With the home video market drying up, and streaming services like Netflix, Hulu, Vudu and Amazon Prime ending up being more and more popular, Hollywood studios are looking for to cut the window between theatrical and home video releases in half. A brand-new report exposes that the significant Hollywood studios and theater owners are going over a strategy that would permit brand-new films to be readily available in a format called “premium video as needed,” where fans could purchase brand-new releases at a premium rate, approximated to be between $30 and $50, less than 45 days after its theatrical release, which is half of the present 90-day window between theatrical and house video releases.

The Wall Street Journal reports that studios and theater owners are currently in talk with work out prepare for premium video on-demand, which the website’s sources say could be in location by the end of this year. Most theaters will not play films that are readily available either on Blu-ray/DVD or VOD formats at least 90 days after its theatrical release, considering that theater owners think that early house video releases will cut too much into ticket sales. Now it appears the studios want to jeopardize, with a brand-new strategy that would consist of the studios sharing a percentage of the premium VOD sales with theater owners, to compensate them for lost revenue in ticket sales. Here’s exactly what Doug Belgrad, former president of Sony Pictures Home entertainment’s movie group who now runs an independent production business, needed to state about premium VOD.

“Major studios and exhibitors are aiming to work out the best ways to respond to customer desires so they can stay competitive.”

One point of contention is how little the window in between theatrical and premium VOD need to be. This report claims that some studio executives desire the window to be as small as 10 days, while others are vying for a 17-day window and others are seeking a window between 30 and 45 days. This problem was anticipated to be discussed at CinemaCon, which happened in Las Vegas this past week, although it isn’t clear if an agreement was reached throughout the convention. Sources state, however, that if an agreement between all of the studios isn’t reached, one studio might introduce their own premium VOD service, which would in essence force the other studios to do the same to stay competitive. We reported in December that preliminary talks were already under method, but now it seems this is coming closer to truth than ever before.Paramount Photos attempted to release their own premium VOD service back in 2015, however that was quickly closed down after exhibitors strongly opposed their strategies. One of the other sticking points to this brand-new service is whether it should use to all films. Some think that this premium VOD service need to be based upon box office receipts, with motion pictures that flopped in theaters being provided quicker than box office smash hits. After opposing comparable strategies for years, theater owners are now much more open up to premium VOD, with this existing design anticipated to supply theater owners with anywhere in between 10 %and 20%of the premium VOD revenue, for films that are launched on the service less than 1 Month from the theatrical debut. Another point of contention is how many years these theaters would get their cut, which the price for premium VOD cannot go too low. Here’s exactly what previous Paramount vice chairman Rob Moore had to state about exactly what theater owners are looking for.” Theaters are more likely to desire security with time than an additional 5%or 10%. “2 major studios are now owned by cable companies, with Comcast owning Universal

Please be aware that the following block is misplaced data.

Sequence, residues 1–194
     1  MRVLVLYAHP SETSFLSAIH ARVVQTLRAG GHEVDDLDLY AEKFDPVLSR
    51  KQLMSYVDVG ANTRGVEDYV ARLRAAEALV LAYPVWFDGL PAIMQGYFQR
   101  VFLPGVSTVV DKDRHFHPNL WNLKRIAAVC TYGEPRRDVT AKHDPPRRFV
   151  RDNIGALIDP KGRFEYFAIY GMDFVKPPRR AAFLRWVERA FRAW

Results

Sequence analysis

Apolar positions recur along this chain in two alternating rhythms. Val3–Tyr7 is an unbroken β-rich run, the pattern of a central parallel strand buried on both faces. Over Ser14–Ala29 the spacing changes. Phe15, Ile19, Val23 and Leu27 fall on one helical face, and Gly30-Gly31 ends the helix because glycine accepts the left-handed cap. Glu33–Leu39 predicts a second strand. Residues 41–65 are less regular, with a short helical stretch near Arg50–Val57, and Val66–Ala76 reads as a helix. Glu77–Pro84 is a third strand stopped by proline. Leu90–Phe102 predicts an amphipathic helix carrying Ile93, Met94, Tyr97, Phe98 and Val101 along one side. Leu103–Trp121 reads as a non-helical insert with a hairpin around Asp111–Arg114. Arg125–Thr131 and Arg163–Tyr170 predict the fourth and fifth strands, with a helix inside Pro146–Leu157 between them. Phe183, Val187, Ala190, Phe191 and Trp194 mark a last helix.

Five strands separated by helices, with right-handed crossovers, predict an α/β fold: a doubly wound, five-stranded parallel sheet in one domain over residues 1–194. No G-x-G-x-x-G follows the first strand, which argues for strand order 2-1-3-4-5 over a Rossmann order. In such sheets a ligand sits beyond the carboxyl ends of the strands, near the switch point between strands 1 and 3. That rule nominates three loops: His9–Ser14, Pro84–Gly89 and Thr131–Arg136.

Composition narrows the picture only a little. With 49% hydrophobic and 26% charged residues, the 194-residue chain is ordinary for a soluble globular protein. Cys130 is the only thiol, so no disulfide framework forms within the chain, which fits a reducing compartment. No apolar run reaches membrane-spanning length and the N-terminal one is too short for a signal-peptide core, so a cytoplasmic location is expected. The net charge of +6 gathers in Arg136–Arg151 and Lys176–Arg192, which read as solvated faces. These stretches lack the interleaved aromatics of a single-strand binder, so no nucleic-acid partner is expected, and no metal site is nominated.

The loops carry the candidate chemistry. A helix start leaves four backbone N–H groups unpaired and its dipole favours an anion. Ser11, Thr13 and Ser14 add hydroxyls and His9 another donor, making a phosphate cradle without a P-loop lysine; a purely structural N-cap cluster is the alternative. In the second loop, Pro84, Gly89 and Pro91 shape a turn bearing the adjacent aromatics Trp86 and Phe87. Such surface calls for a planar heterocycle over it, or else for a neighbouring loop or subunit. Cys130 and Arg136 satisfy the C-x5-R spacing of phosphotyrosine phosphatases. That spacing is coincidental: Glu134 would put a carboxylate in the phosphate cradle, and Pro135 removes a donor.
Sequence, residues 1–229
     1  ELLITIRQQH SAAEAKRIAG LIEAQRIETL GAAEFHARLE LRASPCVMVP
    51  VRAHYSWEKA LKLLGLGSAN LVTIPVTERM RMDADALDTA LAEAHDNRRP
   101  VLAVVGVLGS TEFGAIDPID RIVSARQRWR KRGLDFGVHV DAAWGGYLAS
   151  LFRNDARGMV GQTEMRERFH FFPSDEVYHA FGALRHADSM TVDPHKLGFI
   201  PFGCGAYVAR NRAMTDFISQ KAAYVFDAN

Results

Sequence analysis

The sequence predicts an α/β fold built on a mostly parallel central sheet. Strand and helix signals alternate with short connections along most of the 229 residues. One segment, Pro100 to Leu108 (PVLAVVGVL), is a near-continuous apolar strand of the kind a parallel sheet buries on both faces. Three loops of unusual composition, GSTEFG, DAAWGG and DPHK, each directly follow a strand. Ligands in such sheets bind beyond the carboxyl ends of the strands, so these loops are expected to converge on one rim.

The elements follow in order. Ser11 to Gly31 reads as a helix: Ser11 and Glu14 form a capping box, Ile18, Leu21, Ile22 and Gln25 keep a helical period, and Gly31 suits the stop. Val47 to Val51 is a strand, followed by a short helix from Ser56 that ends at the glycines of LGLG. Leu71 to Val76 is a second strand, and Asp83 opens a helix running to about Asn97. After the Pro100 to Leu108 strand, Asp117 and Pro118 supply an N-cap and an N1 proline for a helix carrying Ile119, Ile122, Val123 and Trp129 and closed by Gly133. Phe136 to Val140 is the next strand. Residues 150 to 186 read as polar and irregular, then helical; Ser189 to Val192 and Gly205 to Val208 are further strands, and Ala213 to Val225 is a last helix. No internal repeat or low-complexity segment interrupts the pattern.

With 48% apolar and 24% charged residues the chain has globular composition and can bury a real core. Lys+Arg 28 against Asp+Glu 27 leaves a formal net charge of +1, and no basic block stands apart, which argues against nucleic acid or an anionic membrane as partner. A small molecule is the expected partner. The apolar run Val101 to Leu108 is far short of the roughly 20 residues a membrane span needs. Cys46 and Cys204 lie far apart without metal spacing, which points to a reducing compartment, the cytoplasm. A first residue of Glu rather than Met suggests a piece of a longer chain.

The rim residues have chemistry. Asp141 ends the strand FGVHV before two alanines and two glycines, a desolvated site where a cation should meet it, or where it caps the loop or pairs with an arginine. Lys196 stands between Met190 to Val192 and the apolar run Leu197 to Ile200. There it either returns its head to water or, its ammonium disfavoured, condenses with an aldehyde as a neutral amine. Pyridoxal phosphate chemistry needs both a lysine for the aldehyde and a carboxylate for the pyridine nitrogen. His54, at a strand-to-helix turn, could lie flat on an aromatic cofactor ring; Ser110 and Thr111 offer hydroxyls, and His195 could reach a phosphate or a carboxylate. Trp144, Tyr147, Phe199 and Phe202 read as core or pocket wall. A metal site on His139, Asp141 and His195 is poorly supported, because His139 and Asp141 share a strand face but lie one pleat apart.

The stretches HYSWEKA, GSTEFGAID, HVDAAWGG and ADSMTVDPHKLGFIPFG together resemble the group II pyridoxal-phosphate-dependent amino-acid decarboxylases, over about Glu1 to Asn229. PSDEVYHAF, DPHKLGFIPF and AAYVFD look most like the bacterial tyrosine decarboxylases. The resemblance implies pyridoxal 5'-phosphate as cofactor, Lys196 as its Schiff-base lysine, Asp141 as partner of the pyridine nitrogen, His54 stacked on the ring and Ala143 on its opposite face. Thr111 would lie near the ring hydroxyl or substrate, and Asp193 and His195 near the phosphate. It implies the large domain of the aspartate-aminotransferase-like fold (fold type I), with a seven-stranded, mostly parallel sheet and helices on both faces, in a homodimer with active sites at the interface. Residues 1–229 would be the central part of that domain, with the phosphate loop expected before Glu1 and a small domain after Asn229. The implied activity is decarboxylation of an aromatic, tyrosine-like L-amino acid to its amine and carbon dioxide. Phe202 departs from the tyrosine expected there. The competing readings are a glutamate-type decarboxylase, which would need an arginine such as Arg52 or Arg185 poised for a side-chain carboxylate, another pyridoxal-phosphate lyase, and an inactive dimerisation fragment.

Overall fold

Studios, and Warner Bros.’moms and dad business Time Warner recently being purchased by AT&T, with these

cable television companies believed to be pushing the studios to promote a premium VOD format to reinforce their digital circulation companies. Sources state that the streaming giant Netflix is putting the a lot of pressure on film studios, releasing some of their big-budget films in theaters and on the streaming service simultaneously, with some motion pictures not even getting theatrical releases. Netflix is likewise making aggressive relocate to choose up big tentpole films, shelling out a tremendous$90 million for Bright, which had Will Smith connected to star and David Ayer directing from a Max Landis script. Netflix is likewise reportedly spending between $120 million and$130 million for Martin Scorsese’s The Irishman, which would reunite Al Pacino and Robert De Niro. Here’s exactly what Rob Moore needed to state about why premium VOD is the ideal relocate to contend with Netflix.”If studios do not take competitive actions, they’re simply going to let Netflixseize control of the entertainment organisation. “Now that CinemaCon has actually reoccured, there hasn’t been any official announcement about premium VOD, but if this report is precise, this might take place earlier rather than later. A shift to premium VOD also makes sense since most motion pictures are so front-loaded these days, with a majority of their box office take can be found in the very first month of release, if not the first few weeks, and premium VOD would likewise assist studios recoup losses from box office flops quicker, and at a far greater price point that Blu-ray, DVD and Digital HD. While absolutely nothing is set in stone yet, you may be able to buy your favorite new motion picture just weeks after seeing it in theaters.